|22 Sep 2019|
|School Advancement Q&A|
In this interview, devoted family man Hutson Dodds shares insights into his work and personal life, challenges the development of the milennial alumni generation brings, and his efforts to keep city-bound alumni engaged.
1. What's your role at Porter-Gaud? What projects are you working on at the moment?
I am the Director of Alumni Relations at Porter-Gaud. My major projects are split in to two parts. The Fall is full of events on campus and in cities across the US. The Spring is focused on our Alumni Weekend with a few small events mixed in. The next few projects in the queue are: our Alumni Golf Tournament, Homecoming, a San Francisco Alumni Event, a Columbia SC Alumni Event, and our day of giving.
2. What are your goals for the beginning of a new school year?
My goals remain the same, with new ways to reach them. I want to have as many alumni as possible engage in an event, or here on campus in school life.
3. What made you change to Alumni Relations? What did you do before?
I worked for 7 years in the Middle School as a chaplain, teacher, and coach. While in the Middle School, I learned that I really enjoy administration. Looking at the year ahead, making a plan, and executing the plan gets me really excited. In my final year, I was able to be a part of this leadership through both coaching and working alongside the MS Dean as his unofficial assistant. I received my MA in Educational Leadership and Administration from The George Washington University while working, which allowed me to pursue other jobs.
When this Alumni Relations position became available, it seemed like a natural fit. I love the school. I've worked in almost every facet of the school from spiritual life, to writing curriculum, to assisting the Dean, to athletics, and I am an alum. I have a great sense of where the school is, how to communicate it to our constituents, and being an alum, I have a sense of what they/ we want.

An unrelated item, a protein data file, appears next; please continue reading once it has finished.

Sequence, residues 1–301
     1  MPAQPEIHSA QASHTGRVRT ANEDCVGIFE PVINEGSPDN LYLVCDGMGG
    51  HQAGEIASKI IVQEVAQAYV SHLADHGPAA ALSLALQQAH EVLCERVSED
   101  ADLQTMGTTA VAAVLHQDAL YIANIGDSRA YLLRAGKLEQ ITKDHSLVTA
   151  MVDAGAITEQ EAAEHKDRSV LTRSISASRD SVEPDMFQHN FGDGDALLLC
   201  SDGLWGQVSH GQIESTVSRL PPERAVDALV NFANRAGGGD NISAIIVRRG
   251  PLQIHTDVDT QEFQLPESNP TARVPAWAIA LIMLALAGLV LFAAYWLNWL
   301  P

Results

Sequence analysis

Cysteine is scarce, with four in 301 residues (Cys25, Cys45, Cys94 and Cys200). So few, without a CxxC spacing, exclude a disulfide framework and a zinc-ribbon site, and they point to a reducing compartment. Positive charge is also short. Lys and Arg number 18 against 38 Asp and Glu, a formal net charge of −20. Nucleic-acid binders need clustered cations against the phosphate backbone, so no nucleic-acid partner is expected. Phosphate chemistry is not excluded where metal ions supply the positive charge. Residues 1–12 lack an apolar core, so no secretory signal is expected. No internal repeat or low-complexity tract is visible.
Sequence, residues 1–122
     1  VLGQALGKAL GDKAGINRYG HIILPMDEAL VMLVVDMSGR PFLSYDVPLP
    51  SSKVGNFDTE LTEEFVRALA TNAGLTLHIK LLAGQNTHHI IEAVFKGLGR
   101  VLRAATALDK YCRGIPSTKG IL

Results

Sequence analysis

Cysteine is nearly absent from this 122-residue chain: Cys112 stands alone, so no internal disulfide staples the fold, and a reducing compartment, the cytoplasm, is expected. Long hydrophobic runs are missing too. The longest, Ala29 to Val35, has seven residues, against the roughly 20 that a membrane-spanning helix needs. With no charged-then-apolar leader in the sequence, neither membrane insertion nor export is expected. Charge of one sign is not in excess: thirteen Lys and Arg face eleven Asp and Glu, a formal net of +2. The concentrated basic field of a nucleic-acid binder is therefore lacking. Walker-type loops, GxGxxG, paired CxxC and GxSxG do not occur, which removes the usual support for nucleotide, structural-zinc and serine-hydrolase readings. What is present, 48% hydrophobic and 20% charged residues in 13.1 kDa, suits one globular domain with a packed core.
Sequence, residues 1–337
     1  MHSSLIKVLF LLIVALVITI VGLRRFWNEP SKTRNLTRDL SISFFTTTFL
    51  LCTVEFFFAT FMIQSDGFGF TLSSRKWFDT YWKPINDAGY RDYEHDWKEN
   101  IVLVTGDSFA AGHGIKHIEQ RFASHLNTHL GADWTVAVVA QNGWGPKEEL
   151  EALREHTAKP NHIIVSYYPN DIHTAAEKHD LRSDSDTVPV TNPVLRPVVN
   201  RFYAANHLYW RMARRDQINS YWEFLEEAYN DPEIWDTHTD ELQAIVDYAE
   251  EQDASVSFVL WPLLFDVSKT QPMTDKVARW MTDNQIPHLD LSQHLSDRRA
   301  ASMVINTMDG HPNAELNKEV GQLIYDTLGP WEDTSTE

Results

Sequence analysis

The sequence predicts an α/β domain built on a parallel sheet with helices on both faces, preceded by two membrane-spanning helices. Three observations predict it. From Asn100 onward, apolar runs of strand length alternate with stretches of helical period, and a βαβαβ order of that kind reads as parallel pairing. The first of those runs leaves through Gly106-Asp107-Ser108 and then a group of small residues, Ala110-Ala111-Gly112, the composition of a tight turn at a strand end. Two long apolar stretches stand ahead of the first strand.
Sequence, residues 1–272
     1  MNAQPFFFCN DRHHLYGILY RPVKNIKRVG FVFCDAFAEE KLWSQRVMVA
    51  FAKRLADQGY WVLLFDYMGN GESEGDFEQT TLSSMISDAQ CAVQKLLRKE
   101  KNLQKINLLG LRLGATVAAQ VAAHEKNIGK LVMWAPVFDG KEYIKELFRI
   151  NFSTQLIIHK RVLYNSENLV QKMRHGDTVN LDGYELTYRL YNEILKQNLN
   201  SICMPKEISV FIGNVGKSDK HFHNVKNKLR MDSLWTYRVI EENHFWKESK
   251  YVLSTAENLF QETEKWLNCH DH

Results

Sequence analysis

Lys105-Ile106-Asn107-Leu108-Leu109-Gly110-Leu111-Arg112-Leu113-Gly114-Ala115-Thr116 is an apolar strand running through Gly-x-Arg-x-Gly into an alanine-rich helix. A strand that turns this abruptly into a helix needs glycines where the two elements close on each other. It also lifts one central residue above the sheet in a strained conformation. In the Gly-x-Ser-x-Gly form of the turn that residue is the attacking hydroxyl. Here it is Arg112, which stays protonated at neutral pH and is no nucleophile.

4. Is there a lot of activity within your Alumni network? Have you had any big events recently?
Yes. I have strategically created a schedule of events that attempts to reach a broad audience. What I have found is that the most important thing is not the event itself, but the hype before and after. You can have a very successful event (I define success as well attended, a broad range of ages, AND attendees that have not been connected recently) but if it was not hyped on a national level before and after, people will think the alumni are not engaged. Social media and email are the best ways to hype events.
In addition to events, I try and sit down one on one with as many alumni as possible. These conversations lead to great touch points as well as generating valuable input from our constituents. A unique event we ran within the last year was renting a box at the Charlotte Hornets Arena for our alumni. NBA All-Star, Khris Middleton, plays for the Bucks. We thought it would be fun to get a group of alumni together for the game to watch him play in Charlotte. It was a huge success. We are going to do a similar event in Nashville this year when Vanderbilt plays University of Tennessee. We have an alum playing for each school.